Yesterday was the big ‘masks off’ day meaning no more masks required in classrooms and corridors (although some schools have overridden this). This week healthcare professionals have highlighted children are currently the biggest group in the country infected with Omicron.
So where does that leave schools?
We ran a poll on Twitter (we have a reasonably good following from school leaders and teachers across the UK) and the outcome was 53% of schools are running a staff absence rate between 10 to 30%, scarily 6% have a rate of over 50%!
Then we asked a local infant school leader to tell us what’s going on in her school
“It is difficult to hear the media celebrating the ‘return to normality’ when Covid continues to have a huge impact on school, not just with staff positive cases, but with absence for those staff who are not vaccinated and are required to self isolate.
Huge pressures on budgets paying for agency cover while staff are positive and/or isolating due to vaccine status just adds to the months/years of inconsistency of provision for children and uncertainty for leaders. It does not feel like we’re anywhere close to normal, yet nobody is talking about it.” Tamara Dale, Headteacher of Ridgeway Infant School, Derby.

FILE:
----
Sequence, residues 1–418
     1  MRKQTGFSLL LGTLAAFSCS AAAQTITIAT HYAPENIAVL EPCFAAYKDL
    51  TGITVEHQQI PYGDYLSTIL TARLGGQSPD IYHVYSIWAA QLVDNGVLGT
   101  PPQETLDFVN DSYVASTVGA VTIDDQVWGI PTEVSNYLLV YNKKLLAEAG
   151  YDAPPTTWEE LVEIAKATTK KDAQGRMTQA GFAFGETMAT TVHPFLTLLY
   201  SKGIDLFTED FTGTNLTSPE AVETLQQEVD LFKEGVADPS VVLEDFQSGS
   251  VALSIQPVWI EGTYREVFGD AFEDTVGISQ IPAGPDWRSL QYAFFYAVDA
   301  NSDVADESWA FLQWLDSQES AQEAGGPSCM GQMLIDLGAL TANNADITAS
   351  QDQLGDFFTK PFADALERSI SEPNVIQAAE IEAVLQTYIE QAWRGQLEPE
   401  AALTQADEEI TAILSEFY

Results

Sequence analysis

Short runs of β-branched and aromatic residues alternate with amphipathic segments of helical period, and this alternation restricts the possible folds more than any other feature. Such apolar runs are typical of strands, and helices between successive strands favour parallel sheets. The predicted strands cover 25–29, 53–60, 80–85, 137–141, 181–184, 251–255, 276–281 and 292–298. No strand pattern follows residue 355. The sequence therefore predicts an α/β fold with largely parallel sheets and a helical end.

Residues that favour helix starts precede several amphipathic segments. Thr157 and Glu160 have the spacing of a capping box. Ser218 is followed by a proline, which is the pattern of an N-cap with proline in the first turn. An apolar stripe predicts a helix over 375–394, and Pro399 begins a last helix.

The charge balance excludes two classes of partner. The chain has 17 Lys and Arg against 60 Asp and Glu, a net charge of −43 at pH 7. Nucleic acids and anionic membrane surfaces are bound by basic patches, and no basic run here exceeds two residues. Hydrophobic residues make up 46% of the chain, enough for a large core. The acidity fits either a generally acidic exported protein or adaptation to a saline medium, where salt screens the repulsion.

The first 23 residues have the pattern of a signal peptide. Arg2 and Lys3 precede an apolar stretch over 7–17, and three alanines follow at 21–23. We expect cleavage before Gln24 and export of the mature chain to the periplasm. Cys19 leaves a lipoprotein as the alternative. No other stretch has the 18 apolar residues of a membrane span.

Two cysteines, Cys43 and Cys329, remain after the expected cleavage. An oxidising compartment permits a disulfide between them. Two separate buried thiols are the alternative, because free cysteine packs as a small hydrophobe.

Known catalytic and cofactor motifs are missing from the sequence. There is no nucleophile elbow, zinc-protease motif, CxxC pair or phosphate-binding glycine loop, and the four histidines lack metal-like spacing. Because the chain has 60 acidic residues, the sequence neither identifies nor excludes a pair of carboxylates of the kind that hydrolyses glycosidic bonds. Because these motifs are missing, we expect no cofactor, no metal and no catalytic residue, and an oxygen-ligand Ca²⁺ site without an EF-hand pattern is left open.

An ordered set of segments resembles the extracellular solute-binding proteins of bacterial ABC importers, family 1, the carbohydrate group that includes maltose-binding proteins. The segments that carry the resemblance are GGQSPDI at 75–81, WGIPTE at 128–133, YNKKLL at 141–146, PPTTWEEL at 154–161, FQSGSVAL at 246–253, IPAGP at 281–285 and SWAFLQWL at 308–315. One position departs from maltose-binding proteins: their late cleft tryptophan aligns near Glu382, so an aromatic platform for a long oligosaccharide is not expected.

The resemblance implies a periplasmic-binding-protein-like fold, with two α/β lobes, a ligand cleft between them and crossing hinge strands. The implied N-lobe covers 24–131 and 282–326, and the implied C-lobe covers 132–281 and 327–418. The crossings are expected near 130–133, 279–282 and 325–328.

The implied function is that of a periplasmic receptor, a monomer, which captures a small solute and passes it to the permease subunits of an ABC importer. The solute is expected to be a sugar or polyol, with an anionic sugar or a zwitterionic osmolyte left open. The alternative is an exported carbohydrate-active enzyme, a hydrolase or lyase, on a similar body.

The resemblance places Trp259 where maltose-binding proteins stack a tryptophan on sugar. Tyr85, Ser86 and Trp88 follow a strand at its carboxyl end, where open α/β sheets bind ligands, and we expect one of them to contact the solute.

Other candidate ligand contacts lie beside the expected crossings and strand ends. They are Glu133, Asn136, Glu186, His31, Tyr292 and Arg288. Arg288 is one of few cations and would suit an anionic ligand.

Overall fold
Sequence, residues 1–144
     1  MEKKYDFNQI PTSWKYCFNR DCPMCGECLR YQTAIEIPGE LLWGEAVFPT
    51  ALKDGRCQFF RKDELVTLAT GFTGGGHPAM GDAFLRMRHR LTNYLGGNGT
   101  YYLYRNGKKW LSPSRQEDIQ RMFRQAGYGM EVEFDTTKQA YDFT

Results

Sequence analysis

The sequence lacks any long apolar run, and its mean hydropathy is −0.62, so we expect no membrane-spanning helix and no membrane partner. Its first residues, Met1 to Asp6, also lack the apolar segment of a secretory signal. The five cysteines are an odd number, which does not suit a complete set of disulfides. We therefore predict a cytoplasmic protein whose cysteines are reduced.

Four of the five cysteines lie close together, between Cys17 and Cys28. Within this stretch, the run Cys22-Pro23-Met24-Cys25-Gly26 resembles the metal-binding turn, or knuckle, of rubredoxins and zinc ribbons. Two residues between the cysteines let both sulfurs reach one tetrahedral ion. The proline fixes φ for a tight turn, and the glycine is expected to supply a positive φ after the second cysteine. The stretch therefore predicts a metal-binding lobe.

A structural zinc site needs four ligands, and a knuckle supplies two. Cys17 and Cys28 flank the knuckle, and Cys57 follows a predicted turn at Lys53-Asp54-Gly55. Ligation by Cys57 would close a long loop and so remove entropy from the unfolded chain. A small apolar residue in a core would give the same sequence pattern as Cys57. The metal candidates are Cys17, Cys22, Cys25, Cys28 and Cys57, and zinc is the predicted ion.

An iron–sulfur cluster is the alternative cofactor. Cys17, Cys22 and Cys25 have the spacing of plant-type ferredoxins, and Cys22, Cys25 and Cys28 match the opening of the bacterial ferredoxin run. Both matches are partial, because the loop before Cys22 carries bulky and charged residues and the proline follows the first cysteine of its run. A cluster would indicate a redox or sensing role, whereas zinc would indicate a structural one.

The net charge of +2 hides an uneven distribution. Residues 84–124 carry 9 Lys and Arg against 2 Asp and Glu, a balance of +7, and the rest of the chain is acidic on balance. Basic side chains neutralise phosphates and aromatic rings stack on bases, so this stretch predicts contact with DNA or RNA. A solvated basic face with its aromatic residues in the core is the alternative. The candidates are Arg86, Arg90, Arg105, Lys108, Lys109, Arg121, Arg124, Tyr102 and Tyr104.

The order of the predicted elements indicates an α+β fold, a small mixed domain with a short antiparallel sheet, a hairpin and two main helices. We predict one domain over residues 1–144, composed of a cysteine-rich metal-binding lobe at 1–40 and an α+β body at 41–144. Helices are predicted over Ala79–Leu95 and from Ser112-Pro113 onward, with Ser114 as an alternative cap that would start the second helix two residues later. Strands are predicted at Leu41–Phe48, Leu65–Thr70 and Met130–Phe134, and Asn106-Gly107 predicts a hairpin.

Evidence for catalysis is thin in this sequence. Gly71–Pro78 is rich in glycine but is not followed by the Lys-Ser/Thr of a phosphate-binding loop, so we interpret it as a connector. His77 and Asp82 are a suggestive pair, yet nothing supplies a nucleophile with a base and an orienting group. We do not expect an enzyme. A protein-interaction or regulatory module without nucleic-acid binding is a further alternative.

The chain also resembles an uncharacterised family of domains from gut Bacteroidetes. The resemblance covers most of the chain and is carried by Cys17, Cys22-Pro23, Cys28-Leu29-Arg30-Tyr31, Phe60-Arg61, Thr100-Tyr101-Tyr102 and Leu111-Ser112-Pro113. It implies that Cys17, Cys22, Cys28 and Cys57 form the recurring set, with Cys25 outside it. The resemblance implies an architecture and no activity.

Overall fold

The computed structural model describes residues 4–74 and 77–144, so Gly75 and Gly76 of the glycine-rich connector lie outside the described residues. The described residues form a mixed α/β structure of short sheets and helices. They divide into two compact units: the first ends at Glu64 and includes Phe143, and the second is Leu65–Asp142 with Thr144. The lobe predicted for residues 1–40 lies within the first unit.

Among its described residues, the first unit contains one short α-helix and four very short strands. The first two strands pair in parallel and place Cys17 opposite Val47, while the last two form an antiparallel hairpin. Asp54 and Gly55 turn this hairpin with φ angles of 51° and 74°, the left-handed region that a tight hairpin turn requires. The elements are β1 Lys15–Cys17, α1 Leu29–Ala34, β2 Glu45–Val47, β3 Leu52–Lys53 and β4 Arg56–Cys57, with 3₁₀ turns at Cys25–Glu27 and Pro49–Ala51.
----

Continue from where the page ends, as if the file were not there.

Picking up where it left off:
There’s been lots of stories of child in the hall from 3 classes being taught by one teacher. Not ideal for anyone.
Ofsted have been out and about conducting inspections on schools across the country. Not ideal either.
Pupil progress is still expected.
Ensuring your pupils are meeting the ‘secure’ or ‘mastery’ grading is still a pressure on teachers across the country.
How is that achievable?
Schools are adept at navigating oceans with big waves in boats with holes. That’s before the pandemic.
Our belief at YouTeachMe is that technology should make your life easier AND achieve things thought impossible.
If we said it’s POSSIBLE for every child in that hall from three classrooms to still have personalised teaching delivered to them each day, would you believe us?
Ask Paul Rose how YouTeachMe makes the impossible possible via email@example.com